First, I want to thank so many of you for commenting, supporting, lifting me up when I was feeling a bit down the last time I wrote. While it wasn't my intention to solicit such kind words, I appreciate them more than you can know. After hearing so many stories from lady friends who have had similar experiences, I know the bigger issue of inequality won't resolve overnight, but I felt I wanted to address that it happens, however unintentionally, in more places than we care to see.

The past few weeks have felt like the opposite of the weeks prior. I have had visitors stop by the shop specifically to see me and what I am working, received Facebook messages from folks asking me my opinion on how they should attack certain guitar projects of their own, a good friend played one of my guitars at an incredible show she did with another great friend. Oh, and there was a little story on that that national NPR show, All Things Considered...

Walnut sisters
For the past couple of weeks I have been working on a batch of three guitars, numbered 39-41, which I know is ambitious but I want so badly to make instruments for everyone who wants one that I hope to step up production a little bit. If you were wondering, the three guitars are a koa OM-42, a Claro walnut 000-41, and a Black walnut 0-41. The system of doing three at a time has been working just fine so far but I have yet to get to the finishing stage. The sanding, spraying, and then sanding some more gets pretty tiring with just one, so I'll let you know how this turns out when I try to work on three. Perhaps I should try to find some sanding interns or something...Write this up: Seeking determined, detail oriented person with literally nothing better to do to than hand sand between seven (or more if you mess up) coats of finish on a batch of homemade guitars. It's harder than it looks, so must be attentive and able to learn. No pay, probably no school credit either...but I'll let you play with the mongoose that lives in the shop which is, in my opinion, a priceless experience. Only for a few minutes though because there is all that finish to sand.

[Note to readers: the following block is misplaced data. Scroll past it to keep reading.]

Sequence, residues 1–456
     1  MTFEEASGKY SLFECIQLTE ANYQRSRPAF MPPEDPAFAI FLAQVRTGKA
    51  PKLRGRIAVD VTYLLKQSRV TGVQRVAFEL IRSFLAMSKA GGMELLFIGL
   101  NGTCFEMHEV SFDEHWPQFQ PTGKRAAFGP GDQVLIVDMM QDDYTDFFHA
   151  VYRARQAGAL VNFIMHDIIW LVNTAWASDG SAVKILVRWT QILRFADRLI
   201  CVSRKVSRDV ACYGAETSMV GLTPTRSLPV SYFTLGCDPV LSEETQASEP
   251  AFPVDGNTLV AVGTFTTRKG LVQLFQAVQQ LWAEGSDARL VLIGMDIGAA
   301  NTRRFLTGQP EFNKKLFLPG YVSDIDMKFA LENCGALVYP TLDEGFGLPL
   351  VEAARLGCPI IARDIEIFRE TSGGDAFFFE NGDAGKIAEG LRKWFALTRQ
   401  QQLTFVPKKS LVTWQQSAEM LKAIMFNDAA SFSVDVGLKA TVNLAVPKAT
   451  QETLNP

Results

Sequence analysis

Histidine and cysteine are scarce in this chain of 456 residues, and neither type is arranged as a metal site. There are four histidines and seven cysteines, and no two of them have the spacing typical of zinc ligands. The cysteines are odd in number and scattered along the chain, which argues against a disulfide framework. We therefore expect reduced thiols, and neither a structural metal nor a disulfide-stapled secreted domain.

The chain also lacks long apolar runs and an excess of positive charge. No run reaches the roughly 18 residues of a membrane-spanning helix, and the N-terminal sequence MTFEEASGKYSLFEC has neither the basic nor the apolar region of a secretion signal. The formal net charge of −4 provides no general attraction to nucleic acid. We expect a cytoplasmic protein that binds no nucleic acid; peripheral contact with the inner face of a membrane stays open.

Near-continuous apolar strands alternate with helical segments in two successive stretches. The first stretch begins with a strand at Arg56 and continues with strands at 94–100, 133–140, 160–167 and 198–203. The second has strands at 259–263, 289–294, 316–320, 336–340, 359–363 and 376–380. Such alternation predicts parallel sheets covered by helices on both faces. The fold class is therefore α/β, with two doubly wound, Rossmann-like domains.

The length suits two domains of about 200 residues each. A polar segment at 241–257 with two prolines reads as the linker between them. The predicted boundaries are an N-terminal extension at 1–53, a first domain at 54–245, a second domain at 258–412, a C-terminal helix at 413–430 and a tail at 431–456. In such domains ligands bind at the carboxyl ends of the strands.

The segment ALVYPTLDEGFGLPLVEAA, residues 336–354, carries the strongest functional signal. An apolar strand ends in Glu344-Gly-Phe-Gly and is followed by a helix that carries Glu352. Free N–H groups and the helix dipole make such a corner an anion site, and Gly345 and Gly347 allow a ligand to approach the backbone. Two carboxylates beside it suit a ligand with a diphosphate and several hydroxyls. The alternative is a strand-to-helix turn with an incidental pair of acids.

My favorite part about these three guitars is that their owners asked me to cut intricate inlays for the fingerboards of each one. It required more difficult work and time, but I always enjoy coming up with new designs that compliment each of my customers. The owner of the Black walnut 0-41 I am working on sent me pictures of her favorite ceramic pieces featuring art nouveau vines and decoration along their bodies. I used the pictures to draw inspiration for a vine climbing the fingerboard.

As far as media coverage goes, it is difficult for me to grasp the reach of NPR's show All Things Considered. I listen most days, but that's just me, sitting in my corner making instruments. Audie Cornish is just telling me stories, right? Who would listen to one about me if I weren't there to hear? It was especially unnerving when several minutes after our story aired my phone was beeping and buzzing with messages of friends all over the country saying they heard it. In all honesty. I didn't hear it until the next day because the Roanoke station chose that time slot to work on their fund raising efforts. It was pretty overwhelming to know so many of my friends and family, not to mention the strangers I had never met, heard it but I had no idea how crazy I sounded.

The thing is, most news stories that I am in are really about my dad, where I just happen to be standing nearby. I was completely surprised and amazed to hear that story and especially to hear Vince Gill say such kind things about me and my instruments. (What?!!) I want to thank my friend and fellow Roanoke Catholic alum Desiré Moses for her excellent job of reporting (and for her skilled editing to make me sound less like an idiot than I actually do in real life). I honestly can't thank her enough for coming down from Roanoke and spending the afternoon at the shop with us.

So the guitar progress is on pause for a week because I am home working on a little ukulele, and then am headed to San Diego this weekend to attend the 2016 Fretboard Journal Summit. I am going to tell some stories of working with my dad and learning how to build guitars. I am also excited to visit with fellow builders, hopefully learn a thing or two, and most importantly, meet new friends. Come hang out and be my friend!